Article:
South African startup, Aerobotics, recently announced that they successfully closed its Series A funding round with a raise of approximately $2 million. The data analytics company uses aerial imagery and machine learning algorithms to optimise crop performance for farmers around the world through its cloud-based web application, Aeroview. In 2017 the company introduced Aeroview Scout, a mobile app that gives farmers a bird’s eye view of their orchards.
The uses artificial intelligence (AI) and algorithms to transform satellite and drone imagery into useful information to help farmers identify problem areas in the orchard. Co-founded by James Paterson and Benji Meltzer, the startup currently has clients in South Africa, Kenya and Zimbabwe.
In January 2018, Aerobotics was announced as one of 24 startups across the globe chosen to join Google’s Launchpad Accelerator in San Francisco. Aerobotics was one of three African startups chosen.
IT News Africa interviewed James Paterson, Co-founder and CEO of Aerobotics. Paterson holds a BSc in Mechatronics Engineering from UCT. He went on to study a Masters in Aeronautics and Astronautics at MIT. During his time at MIT, he worked on projects including gimballed rocket control, an optical flow localisation system and autonomous collision avoidance and path planning algorithms for unmanned aerial vehicles.
How does Aerobotics help farmers gain insights into their farms?
Farming is a risky business with pests and disease often reducing a Farmer’s yield. Aerobotics’ software, Aeroview, empowers Tree Crop Farmers by identifying early stage problems in their orchards using a combination of satellite and drone data. Used in conjunction with the Aerobotics’ Aeroview Scout App on their mobile phone, Farmers are able to locate problem areas with tree-by-tree accuracy.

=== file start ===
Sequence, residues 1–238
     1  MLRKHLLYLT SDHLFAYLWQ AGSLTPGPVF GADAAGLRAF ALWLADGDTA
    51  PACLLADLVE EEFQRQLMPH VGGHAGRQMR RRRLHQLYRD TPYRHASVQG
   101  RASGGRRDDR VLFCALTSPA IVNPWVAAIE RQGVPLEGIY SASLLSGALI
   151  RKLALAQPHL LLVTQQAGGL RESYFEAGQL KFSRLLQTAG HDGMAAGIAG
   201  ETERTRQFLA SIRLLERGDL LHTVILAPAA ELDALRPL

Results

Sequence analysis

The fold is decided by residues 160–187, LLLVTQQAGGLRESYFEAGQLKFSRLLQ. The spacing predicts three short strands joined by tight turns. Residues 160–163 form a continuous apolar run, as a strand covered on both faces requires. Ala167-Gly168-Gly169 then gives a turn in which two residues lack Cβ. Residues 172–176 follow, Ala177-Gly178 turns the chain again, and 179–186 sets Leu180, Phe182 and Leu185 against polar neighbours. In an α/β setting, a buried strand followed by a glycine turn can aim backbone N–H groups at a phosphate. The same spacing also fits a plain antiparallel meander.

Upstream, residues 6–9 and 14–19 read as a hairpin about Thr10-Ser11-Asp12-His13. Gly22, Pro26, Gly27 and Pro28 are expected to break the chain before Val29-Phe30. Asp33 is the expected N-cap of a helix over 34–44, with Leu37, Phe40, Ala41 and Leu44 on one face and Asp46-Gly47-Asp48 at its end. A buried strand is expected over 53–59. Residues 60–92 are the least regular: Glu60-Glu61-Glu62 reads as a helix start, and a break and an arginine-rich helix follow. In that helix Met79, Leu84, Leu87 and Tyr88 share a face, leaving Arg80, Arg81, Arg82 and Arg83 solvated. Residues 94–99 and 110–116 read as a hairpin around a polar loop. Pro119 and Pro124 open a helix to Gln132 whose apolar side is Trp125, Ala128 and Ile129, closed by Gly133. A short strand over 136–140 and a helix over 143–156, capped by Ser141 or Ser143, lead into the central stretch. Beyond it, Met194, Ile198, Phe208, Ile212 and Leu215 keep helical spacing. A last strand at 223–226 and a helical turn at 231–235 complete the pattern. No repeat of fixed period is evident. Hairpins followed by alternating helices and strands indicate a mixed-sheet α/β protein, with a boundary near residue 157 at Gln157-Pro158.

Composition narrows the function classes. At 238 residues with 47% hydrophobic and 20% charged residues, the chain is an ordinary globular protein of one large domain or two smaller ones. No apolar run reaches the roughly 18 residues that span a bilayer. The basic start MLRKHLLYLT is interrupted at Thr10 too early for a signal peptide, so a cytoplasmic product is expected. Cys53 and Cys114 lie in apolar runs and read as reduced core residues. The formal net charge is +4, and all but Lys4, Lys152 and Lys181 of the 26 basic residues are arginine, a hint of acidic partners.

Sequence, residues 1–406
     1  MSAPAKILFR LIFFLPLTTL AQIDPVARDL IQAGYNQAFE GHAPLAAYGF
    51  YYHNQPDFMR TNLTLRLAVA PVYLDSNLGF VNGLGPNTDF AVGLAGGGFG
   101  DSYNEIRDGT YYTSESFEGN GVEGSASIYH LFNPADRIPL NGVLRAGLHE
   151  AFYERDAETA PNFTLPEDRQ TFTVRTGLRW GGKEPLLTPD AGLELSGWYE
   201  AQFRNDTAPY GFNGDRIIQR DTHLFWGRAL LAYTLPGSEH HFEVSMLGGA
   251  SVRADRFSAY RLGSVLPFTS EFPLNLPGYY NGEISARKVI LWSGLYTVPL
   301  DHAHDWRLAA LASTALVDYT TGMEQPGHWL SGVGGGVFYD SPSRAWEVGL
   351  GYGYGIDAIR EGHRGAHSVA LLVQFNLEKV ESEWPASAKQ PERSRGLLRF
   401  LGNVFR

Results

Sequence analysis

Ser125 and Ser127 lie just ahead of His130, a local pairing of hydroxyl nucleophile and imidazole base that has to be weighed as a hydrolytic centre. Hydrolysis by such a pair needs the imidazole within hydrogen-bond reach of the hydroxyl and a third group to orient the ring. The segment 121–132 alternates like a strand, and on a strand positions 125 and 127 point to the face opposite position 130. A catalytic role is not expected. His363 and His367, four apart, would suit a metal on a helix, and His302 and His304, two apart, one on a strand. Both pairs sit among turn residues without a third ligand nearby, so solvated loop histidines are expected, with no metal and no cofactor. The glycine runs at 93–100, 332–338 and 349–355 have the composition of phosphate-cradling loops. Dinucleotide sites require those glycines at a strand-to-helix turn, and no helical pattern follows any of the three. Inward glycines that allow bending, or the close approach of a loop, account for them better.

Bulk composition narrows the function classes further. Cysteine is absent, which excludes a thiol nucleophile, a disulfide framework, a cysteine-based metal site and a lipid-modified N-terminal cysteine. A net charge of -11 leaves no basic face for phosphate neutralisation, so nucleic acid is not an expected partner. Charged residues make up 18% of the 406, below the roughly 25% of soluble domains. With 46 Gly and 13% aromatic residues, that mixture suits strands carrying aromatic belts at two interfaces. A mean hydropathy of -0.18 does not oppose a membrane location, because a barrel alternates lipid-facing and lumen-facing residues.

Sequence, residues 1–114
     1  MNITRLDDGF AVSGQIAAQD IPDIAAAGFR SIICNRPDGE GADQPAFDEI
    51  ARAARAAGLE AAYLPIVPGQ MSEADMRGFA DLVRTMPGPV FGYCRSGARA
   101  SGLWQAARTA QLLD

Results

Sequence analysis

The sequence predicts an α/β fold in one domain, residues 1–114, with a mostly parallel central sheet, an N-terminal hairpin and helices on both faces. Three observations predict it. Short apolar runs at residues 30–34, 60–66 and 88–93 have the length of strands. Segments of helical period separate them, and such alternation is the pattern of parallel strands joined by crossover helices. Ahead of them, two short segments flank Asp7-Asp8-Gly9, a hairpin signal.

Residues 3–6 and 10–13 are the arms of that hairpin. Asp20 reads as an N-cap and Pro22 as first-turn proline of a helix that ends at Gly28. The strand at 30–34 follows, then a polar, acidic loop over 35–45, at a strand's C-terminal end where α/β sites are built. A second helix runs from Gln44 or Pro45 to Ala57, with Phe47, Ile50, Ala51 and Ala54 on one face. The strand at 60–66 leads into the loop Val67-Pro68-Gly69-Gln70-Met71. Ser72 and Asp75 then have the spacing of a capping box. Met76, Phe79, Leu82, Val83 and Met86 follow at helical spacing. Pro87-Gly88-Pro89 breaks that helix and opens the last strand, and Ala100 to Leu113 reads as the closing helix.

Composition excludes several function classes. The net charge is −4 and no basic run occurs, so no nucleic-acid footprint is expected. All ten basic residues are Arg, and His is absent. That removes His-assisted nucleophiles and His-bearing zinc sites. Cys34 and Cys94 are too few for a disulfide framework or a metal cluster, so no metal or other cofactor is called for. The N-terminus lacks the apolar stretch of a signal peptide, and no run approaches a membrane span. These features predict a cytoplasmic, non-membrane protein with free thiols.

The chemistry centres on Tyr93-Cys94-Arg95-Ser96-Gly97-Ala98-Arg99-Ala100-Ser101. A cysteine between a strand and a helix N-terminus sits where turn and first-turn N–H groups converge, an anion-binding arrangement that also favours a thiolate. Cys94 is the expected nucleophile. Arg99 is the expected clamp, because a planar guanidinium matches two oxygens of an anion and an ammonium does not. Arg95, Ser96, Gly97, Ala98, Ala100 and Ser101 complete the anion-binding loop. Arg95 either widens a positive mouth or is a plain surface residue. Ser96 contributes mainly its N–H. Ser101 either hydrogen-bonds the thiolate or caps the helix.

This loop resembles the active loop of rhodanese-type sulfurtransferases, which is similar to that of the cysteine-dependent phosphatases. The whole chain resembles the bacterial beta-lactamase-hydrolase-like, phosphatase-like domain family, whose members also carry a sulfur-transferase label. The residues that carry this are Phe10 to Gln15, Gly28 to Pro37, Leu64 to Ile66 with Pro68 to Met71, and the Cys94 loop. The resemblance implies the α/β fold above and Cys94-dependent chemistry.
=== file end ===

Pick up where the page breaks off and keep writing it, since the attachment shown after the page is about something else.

How has being part of Google’s Launchpad Accelerator in San Francisco impacted the organisation?
The Google Launchpad Accelerator has had three main impacts on the business. Firstly, it has helped the Leadership Team become more organised in achieving the business vision. Second, it has given the business a lot of credibility with large organisations who we are currently in commercial discussions with about rolling out our product to thousands of Farmers. Finally, our Data Science Team has benefitted from working with world-class specialists in the field.
How can farmers benefit from using the Aerobotics Aeroview Scout and how does the platform work?
Once Farmers have reviewed satellite and drone data insights on the Aerobotics’ Aeroview web-portal, it is time to plan a scouting mission. Farmers need to spend time investigating the problems which have been identified on Aeroview. The Aeroview Scout App could be considered the Google Maps for a Farmer’s orchards. The App takes the Farmer to points which they have identified for inspection in their field. On arrival at a selected tree, the Farmer is able to take notes (written and by recording a voice note), record the disease or pest causing the problem and take a picture of the problem. The App works offline. When returning to their office, the App syncs the scouting mission insights back to the Aeroview web-portal to ensure the farm management loop is closed.
What are some of the challenges that the company has encountered?
As a startup, we face many challenges on a daily basis. Some of the biggest ones include hiring the best talent available to fuel our exponential growth, working with current and potential investors to fund the business and staying focussed given the huge number of opportunities which our technology enables.
How has the reception been like from the farmers?
Farmers who use our system to manage the risks arising from pests and disease absolutely love the simple but timely insights. We provide world-class per-tree analytics and Farming professionals can see the value which we can add to the process.